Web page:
5

The biggest difficulty I am having is finding where to house the responsibilities of each object identified by me in the system( say on problem space). I am posting a very simplified description of a feature in library management system.

Usecase

  1. As a admin, I can add books to the inventory, or change the "states" of the book to any permissible value.
  2. As a staff, I can change "states" of the book only to "Returned" or "Borrowed".
  3. As a Customer, I can view all the books with states "Returned" or "Borrowed".
  4. Book can be of following states "Returned", "Borrowed", "Removed",
  5. As a admin, I can grant or revoke access to staff for adding a book to any staff

Entities

  1. User
  2. User Repository
  3. Book
  4. Book Repository
  5. Library
  6. Permission

Associations

Library holds User Repository and Book Repository in one to one relationship, Repository has their corresponding entities in one to many relationship.

Behaviour

  1. User Repo:

    • Gets list of all user/ a user of interest respective to problem domain.
    • Saves User entity to external system(Database or Cloud)
  2. Book Repo:

    • Gets list of all Book/ a book of interest respective to use case.
    • Saves Book entity to external system(Database or Cloud)
    • Add a book

Question

  1. For the Usecases 3 and 5, where to add access based logic. In the our case, to decide whether user (Only admin) object has access to grant/revoke access for adding book. And list of books to be returned based on user role.

NOTE: I want to achieve

  • cohesion among entities
  • unit test each module with 80-90% coverage
  • Incase of application layer, how do you ensure current/new team members don't expose the domain objects directly
  • Leave a comment on reasoning for down-voting the question which would help in improving the question specific. – Mani Dec 4 '17 at 4:57
1

I think the standard way is to ignore all these auth rules when creating the business logic and then simply to append a standard role based authentication system to the application afterwards.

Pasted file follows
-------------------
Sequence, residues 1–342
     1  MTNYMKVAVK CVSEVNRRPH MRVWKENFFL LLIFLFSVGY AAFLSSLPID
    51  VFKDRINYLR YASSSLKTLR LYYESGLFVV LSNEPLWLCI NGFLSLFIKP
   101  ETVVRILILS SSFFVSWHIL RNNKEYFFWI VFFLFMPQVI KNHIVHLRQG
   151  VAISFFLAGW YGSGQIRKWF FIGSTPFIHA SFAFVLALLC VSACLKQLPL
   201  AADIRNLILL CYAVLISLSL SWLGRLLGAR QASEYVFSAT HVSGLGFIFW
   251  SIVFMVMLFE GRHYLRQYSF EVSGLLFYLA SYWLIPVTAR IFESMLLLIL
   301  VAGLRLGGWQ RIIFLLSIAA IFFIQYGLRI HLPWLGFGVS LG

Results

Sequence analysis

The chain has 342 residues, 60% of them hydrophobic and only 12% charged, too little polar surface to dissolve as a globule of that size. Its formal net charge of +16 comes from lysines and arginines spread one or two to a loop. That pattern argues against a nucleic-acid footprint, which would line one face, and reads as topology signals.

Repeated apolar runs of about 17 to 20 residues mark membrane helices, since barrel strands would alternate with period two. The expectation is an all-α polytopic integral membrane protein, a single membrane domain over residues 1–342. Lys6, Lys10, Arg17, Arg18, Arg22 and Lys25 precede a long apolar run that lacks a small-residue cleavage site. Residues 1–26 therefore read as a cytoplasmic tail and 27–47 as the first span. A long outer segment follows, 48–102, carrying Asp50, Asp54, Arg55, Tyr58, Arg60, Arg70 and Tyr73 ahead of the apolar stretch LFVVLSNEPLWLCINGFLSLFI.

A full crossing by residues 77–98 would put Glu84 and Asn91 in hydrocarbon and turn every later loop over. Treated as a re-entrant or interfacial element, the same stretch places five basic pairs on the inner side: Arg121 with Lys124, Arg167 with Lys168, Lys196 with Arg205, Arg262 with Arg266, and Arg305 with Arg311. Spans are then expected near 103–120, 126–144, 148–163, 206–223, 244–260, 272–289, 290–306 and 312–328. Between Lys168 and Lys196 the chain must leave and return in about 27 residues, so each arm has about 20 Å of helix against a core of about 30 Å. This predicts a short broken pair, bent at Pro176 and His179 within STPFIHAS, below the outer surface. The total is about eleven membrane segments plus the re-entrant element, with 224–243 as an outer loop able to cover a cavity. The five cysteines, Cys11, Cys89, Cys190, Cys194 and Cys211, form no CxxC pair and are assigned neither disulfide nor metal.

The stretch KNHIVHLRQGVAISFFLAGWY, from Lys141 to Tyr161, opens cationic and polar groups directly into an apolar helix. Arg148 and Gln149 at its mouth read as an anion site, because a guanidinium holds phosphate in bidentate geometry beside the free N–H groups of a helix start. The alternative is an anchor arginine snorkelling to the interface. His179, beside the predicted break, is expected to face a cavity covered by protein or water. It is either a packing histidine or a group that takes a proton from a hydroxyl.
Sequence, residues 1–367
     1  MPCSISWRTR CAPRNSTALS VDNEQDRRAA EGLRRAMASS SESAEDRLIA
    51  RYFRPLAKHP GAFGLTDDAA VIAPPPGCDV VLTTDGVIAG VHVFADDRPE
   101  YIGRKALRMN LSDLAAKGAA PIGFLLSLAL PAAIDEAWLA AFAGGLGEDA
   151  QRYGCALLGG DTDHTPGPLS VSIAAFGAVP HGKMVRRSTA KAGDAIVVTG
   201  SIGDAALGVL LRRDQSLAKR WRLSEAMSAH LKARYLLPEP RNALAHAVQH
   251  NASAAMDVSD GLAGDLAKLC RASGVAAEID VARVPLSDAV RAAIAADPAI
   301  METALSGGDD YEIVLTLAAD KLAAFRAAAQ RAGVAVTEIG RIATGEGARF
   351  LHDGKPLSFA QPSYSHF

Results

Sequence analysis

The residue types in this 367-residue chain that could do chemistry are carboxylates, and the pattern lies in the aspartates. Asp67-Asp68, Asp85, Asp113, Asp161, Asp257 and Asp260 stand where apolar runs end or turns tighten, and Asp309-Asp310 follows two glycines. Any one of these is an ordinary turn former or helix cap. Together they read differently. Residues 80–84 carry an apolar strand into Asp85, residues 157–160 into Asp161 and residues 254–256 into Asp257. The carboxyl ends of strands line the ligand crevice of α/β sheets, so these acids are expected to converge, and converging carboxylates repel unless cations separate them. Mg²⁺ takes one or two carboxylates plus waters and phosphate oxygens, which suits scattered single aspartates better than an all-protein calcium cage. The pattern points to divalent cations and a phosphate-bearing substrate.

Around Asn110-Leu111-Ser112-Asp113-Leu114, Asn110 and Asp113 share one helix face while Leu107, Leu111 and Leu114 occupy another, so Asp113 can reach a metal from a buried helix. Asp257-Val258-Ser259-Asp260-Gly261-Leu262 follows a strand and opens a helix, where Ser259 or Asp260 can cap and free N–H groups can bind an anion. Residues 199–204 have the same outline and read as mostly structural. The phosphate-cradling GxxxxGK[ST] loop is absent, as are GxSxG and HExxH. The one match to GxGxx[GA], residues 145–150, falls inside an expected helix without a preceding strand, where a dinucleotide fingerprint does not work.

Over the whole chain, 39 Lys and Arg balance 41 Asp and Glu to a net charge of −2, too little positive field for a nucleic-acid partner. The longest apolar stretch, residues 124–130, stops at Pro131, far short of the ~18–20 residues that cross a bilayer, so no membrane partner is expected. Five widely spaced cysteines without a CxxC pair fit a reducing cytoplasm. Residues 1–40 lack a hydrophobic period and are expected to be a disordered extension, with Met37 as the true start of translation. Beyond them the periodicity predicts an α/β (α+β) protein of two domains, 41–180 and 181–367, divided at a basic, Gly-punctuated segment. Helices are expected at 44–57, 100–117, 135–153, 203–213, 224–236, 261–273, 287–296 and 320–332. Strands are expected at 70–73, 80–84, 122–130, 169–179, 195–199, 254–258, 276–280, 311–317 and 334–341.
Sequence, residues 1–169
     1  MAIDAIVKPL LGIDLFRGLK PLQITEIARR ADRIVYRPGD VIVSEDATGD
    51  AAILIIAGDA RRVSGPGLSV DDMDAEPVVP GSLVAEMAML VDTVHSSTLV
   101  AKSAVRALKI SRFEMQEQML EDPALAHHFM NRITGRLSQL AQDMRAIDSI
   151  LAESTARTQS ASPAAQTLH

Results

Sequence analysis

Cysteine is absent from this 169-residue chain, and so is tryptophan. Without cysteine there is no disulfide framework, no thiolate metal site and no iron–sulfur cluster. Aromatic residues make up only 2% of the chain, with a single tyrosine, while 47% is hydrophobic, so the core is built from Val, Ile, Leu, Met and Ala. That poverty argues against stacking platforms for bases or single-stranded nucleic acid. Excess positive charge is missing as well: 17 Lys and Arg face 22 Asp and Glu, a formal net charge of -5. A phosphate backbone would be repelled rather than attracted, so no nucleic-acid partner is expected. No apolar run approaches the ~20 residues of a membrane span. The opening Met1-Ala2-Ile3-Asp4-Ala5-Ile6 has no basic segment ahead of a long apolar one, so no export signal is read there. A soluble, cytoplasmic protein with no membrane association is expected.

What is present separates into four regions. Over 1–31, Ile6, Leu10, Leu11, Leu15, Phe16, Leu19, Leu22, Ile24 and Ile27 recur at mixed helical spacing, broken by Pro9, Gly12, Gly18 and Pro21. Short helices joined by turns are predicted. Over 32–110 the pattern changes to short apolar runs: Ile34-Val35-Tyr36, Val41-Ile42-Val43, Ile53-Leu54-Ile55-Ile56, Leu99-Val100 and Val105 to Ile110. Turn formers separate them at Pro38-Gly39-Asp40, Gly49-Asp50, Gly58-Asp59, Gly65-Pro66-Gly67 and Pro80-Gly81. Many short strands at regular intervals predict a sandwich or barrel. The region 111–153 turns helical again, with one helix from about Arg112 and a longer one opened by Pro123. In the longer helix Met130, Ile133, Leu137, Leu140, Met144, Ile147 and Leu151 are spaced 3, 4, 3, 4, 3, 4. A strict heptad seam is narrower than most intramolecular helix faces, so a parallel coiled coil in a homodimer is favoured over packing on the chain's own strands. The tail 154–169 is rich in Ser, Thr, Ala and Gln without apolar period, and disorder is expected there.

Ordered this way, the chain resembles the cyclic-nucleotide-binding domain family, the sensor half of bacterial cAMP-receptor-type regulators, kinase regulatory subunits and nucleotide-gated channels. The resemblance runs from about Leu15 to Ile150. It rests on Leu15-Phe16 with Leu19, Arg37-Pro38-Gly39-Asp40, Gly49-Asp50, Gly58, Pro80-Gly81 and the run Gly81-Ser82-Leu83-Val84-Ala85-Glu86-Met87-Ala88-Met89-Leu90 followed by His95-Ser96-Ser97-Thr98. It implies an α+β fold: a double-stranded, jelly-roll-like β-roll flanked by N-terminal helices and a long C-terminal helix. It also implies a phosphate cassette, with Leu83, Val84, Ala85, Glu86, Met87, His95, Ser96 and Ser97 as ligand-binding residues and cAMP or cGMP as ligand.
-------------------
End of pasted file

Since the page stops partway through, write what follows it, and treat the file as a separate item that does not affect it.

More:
For example, if the app is a webpage you would simply prevent non staff users from accessing the 'change state of book' page

  • 1
    Yup, the business classes shouldn't be enforcing access logic. That's more the responsibility of the presentation tier of the application. – Greg Burghardt Dec 4 '17 at 15:19
  • @Ewan: Thats my question, where do we place prevent non staff users from accessing the 'change state of book' page this logic? – Mani Dec 5 '17 at 1:18
  • in the application layer. the exact place depends on what you're​ making, language, framework etc – Ewan Dec 5 '17 at 8:18
  • @Ewan: From self descriptive design perspective & enforcing future developers not to touch the domain models directly and to be done only via application layer how can be achieved? There might be a chance where future/junior intern can expose the domain model without surpassing via application layer. – Mani Dec 7 '17 at 4:50
  • that is true. But what we generally find is that the rules such as those outlined in your use case are not in fact system requirements. Rather the requirement is 'the system should have role based auth' and the rules are the initial setup of that auth. You might well have processes such as backup or reporting which ignore those rules or have new roles introduced. To treat them as defining, always respected rules of the system is incorrect and immediately causes problems – Ewan Dec 7 '17 at 4:58

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